Publication number | US8174527 B2 |

Publication type | Grant |

Application number | US 12/842,353 |

Publication date | May 8, 2012 |

Filing date | Jul 23, 2010 |

Priority date | Oct 10, 2001 |

Fee status | Paid |

Also published as | EP1442390A2, EP1442390A4, US7046245, US7786993, US20030112238, US20060001674, US20100283783, WO2003032253A2, WO2003032253A3 |

Publication number | 12842353, 842353, US 8174527 B2, US 8174527B2, US-B2-8174527, US8174527 B2, US8174527B2 |

Inventors | Mark Evan Cerny, Pal-Kristian Engstad |

Original Assignee | Sony Computer Entertainment America Llc |

Export Citation | BiBTeX, EndNote, RefMan |

Patent Citations (4), Classifications (9), Legal Events (4) | |

External Links: USPTO, USPTO Assignment, Espacenet | |

US 8174527 B2

Abstract

A system and method for environment mapping determines a computer-generated object's reflective appearance, based upon position and orientation of a camera with respect to the object's location. An embodiment of the present invention is implemented as a real-time environment mapping for polygon rendering, however, the scope of the invention covers other rendering schemes. According to one embodiment of the present invention, a vector processing unit (VPU) uses a modified reflection formula—r=e−(e·(n+e_{o}))(n+e_{o})/(1−nz)=e−(e·[nx, ny, nz−1])[nx, ny, nz−1]/(1−nz), wherein e_{o}=[0,0,−1], and nx, ny, and nz are the components of the surface normal vector n—to compute reflective properties of an object.

Claims(13)

1. A system for environment mapping of a surface of a reflective object, the system comprising:

memory to store a reflection formula that substitutes a pseudo-normal vector for a normal vector at a point on the surface, and wherein the pseudo-normal vector is defined as bisecting an observation vector directed to an observer and the normal vector;

a vector processing unit that computes reflection vectors based on the reflection formula; and

a graphics processing unit that renders the reflective object in an image based on-the computed reflection vectors.

2. The system of claim 1 , wherein the reflection formula is r =e−(e·[nx, ny, nz −1])[nx, ny, nz−1]/(1 −nz), and where nx, ny, and nz are components of the normal vector n at a point on the surface, and e is an observation vector directed from the point on the surface to the observer.

3. The system of claim 1 , wherein the observation vector is a unit observation vector with a magnitude of 1.

4. The system of claim 1 , wherein the normal vector is a unit normal vector with a magnitude of 1.

5. The system of claim 1 , wherein the reflection formula is r =e−(e·(n+e0))(n+e0)/(1−nz), and where n is the normal vector at a point on the surface, e is an observation vector directed from the point to the observer, and e**0** is coordinate [0,0,−1] directly in front of the observer.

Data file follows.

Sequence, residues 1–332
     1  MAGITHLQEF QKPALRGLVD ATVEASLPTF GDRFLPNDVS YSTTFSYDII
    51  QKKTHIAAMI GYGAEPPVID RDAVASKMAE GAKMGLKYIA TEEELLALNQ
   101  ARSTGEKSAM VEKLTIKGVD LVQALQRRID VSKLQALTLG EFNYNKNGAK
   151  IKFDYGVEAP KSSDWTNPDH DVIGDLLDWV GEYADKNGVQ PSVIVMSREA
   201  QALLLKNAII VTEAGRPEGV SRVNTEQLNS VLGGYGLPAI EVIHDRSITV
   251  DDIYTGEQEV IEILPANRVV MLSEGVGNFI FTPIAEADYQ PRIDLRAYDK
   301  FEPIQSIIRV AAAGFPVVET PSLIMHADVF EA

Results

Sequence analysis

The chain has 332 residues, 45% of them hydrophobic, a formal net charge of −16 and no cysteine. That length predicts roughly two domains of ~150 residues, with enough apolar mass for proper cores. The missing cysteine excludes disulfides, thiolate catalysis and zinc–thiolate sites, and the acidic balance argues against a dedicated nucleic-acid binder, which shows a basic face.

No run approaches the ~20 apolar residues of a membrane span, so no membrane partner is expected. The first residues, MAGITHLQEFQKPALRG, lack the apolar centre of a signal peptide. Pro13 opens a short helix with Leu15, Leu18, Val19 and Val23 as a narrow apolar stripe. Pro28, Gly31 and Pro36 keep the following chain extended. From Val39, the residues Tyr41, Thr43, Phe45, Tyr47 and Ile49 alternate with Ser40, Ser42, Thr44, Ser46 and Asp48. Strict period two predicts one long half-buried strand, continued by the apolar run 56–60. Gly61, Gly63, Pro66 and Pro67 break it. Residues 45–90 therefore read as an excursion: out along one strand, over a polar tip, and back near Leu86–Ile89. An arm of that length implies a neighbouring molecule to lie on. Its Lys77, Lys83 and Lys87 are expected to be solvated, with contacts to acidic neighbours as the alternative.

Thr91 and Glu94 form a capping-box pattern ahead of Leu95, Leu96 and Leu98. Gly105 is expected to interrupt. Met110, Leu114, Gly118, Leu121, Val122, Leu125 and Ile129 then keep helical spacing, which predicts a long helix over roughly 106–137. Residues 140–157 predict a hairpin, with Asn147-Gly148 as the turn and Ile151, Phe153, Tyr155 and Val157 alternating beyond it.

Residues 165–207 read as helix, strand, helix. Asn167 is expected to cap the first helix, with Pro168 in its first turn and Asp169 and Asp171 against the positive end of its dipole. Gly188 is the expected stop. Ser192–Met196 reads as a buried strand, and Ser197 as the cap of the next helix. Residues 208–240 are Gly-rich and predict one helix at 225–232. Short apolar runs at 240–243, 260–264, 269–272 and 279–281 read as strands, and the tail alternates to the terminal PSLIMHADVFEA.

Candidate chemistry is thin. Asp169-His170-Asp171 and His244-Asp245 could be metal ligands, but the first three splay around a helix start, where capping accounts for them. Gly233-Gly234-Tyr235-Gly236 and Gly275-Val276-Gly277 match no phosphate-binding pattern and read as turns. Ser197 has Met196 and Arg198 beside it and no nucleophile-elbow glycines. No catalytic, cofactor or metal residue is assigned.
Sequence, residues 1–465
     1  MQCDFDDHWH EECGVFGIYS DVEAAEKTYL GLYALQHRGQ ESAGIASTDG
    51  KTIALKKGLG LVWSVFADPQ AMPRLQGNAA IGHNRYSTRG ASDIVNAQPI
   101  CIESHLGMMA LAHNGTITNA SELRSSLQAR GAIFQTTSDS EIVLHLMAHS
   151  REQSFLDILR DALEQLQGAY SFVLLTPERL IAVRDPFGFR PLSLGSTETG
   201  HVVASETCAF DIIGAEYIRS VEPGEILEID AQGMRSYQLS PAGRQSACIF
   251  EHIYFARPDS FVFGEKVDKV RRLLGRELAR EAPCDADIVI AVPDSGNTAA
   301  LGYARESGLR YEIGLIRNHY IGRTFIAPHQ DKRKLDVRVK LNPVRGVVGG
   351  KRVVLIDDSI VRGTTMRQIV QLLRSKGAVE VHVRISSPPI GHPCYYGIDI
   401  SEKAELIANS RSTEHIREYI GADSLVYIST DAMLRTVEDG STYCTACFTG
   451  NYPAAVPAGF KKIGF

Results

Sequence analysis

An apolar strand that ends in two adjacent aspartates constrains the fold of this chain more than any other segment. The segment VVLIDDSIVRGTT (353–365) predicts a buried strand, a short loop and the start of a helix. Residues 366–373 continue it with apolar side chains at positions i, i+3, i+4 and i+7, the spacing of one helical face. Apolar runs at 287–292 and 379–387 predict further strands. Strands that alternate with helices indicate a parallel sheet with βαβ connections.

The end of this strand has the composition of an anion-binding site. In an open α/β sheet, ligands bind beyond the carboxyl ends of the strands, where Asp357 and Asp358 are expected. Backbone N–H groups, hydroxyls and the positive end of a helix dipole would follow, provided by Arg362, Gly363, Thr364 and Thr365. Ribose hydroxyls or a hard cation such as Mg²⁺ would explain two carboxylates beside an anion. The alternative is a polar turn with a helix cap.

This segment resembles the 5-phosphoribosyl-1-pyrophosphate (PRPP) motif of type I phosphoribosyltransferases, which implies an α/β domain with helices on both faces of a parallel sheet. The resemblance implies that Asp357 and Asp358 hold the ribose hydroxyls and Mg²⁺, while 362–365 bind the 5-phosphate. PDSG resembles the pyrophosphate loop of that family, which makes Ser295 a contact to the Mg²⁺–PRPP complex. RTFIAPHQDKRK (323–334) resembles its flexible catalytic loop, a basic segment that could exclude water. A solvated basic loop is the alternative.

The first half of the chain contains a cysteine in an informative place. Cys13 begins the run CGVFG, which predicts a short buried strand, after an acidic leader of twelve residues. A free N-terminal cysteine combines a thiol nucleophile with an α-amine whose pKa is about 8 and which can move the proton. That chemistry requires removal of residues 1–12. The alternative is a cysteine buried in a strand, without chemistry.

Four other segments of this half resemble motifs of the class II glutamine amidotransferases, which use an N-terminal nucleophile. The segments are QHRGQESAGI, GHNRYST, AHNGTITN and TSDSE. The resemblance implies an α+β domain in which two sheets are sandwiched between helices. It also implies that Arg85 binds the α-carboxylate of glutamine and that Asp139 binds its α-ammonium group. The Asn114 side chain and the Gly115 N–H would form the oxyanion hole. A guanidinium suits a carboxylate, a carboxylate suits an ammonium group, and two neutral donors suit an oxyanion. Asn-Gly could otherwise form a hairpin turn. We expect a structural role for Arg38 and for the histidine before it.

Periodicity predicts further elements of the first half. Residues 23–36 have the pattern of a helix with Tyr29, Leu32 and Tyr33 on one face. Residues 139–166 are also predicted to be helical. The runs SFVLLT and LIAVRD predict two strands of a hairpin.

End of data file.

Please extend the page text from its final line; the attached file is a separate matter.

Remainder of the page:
6. The system of claim 1 , wherein the vector processing unit generates texture coordinates (s,t) based on a computed reflection vector.

7. The system of claim 6 , wherein the graphics processing unit that renders the reflective object in an image is further based on the generated texture coordinates.

8. The system of claim 1 , wherein the graphics processing unit renders the reflective object in an image in real-time.

9. A method for displaying an image of a reflective object, comprising:

selecting a vertex on a surface of a reflective object;

determining a normal vector of the selected vertex;

determining an observation vector directed to an observer;

generating a reflection vector using a reflection formula based on a pseudo-normal vector, wherein the pseudo-normal vector bisects the normal vector and the observation vector;

computing texture coordinates based on the generated reflection vector; and

preparing the image of the reflective object for display on a display device based upon the computed texture coordinates.

10. The method of claim 9 , wherein the reflection formula substitutes the pseudo-normal vector for the normal vector in a regular environment reflection projection formula of r =e−2(e·n)n, where n is the normal vector at a point on the surface, and e is an observation vector directed from the point to the observer.

11. The method of claim 9 , wherein the observation vector is computed.

12. The method of claim 9 , wherein the observation vector is received from memory.

13. The method of claim 9 , wherein the observation vector is received from registers.

Description

This application is a continuation and claims the priority benefit of U.S. patent application Ser. No. 11/222,207 filed Sep. 7, 2005 now U.S. Pat. No. 7,786,993 and entitled “Environment Mapping,” which claims the priority benefit U.S. patent application Ser. No. 10/267,341 filed Oct. 8, 2002 and entitled “System and Method for Environment Mapping,” which claims the priority benefit of U.S. provisional application No. 60/328,490 filed Oct. 10, 2001 and entitled “Environment Mapping,” the disclosure of which are incorporated herein by reference.

1. Field of the Invention

This invention relates generally to computer generated images and more particularly to a system and method for environment mapping.